Four Leadership Opportunities You May Be Overlooking


When I was early in my career I discovered the catch-22 of gaining leadership experience: to be selected for a leadership position I needed to show I already had some previous leadership experience.

So I had to get creative to break the cycle and get my feet wet. If you find yourself facing the same situation, check out where I found my first leadership experience as well as some other opportunities you may not have thought of:

1. Your Workplace Giving Campaign– This is where I got my start by volunteering to head up the Combined Federal Campaign for my agency. It’s a job that no one wants to do, but is critically important to the millions of beneficiaries of services that are provided by charities with funds donated through workplace giving. By volunteering to lead this effort at my agency I practiced nearly every Executive Core Qualification:

  • Met top executives and networked with other employees in every unit of my agency (building coalitions),
  • Practiced my public speaking, writing, and business skills (business acumen),
  • Implemented process improvements and innovative solutions to obstacles (leading change),
  • Coordinated decentralized efforts and brought the agency together for a common purpose (leading people), and
  • Showed my boss that I can be relied upon to get things done (results-driven).

All while doing something I personally believe in. Win-win.

2. Young Professional Nonprofit Groups – What better way to illustrate a commitment to public service than volunteering for a cause you care about? Even better, many nonprofit orgs have established affiliate young professional groups. A couple of local DC ones (they may have other chapters!) I know of are: Friends of the National Zoo Young Professionals Club, Making Strides for MS, and United Way Emerging Leaders.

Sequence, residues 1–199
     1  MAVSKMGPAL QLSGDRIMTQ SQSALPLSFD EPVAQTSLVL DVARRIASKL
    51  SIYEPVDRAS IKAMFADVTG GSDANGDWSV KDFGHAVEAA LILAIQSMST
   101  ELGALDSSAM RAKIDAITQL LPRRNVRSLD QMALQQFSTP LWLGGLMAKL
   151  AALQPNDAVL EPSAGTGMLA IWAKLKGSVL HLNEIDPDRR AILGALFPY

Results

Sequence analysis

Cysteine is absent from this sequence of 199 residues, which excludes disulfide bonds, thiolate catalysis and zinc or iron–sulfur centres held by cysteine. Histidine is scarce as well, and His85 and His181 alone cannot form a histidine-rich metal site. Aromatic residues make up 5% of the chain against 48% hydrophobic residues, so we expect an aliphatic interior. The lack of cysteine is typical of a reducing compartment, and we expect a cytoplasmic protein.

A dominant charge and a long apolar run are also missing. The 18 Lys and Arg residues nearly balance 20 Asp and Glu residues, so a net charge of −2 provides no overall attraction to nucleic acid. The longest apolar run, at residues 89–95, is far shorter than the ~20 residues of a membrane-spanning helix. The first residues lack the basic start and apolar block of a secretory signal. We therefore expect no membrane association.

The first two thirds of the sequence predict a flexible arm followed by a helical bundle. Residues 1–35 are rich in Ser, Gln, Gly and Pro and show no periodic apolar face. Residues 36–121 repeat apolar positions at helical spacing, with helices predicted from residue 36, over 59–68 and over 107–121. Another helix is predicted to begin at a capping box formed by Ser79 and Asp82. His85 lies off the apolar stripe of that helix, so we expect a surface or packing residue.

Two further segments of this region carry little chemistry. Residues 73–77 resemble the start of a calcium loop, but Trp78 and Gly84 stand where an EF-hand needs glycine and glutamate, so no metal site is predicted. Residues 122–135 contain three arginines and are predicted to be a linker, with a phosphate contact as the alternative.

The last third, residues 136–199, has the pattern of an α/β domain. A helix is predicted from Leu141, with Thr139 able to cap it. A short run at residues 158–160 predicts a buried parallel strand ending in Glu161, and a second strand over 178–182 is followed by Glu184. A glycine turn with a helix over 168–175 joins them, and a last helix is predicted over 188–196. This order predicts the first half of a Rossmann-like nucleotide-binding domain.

3. Workplace-Affiliated Organizations– My agency has several affiliate orgs that are always looking for eager participants including a Toastmaster’s Chapter and several special emphasis programs such as the Federal Women’s Program.

Many agencies are also establishing leadership groups for next generation employees; there’s a session on these groups at GovLoop’s upcoming Next Generation of Government Training Summit.

4. Open Opportunities in DigitalGov– I just learned about this cool platform by GSA where Feds can complete tasks and projects that will allow you to broaden your skills and experience and beef up your resume.

Help add to my list; where else can those starting out in their careers gain leadership experience?

Christine McMahon is part of the GovLoop Featured Blogger program, where we feature blog posts by government voices from all across the country (and world!). To see more Featured Blogger posts, click here.

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richard regan

The Combined Federal Campaign executed in the federal government is a platform for racism against American Indian/Alaska Native employees and people. Native people who work in metropolitan areas like San Francisco-CA, Washington-DC, Chicago-IL and Atlanta-GA are on yearly basis, subjected to CFC fund raising activities connected to professional sports teams in these locations that have American Indian team mascots, logos and team descriptions. Many American Indian/Alaska Native employees have pleaded with the National CFC to ban any fund raising activities that use these offensive symbols. Unfortunately, they have ignored our pleas. What is most troubling about the CFC campaign is this offensiveness starts up in November, which is American Indian Heritage Month. CFC may be a job no one wants to do. It is also an program American Indians do not want to see from a federal government that has a history of oppressing them.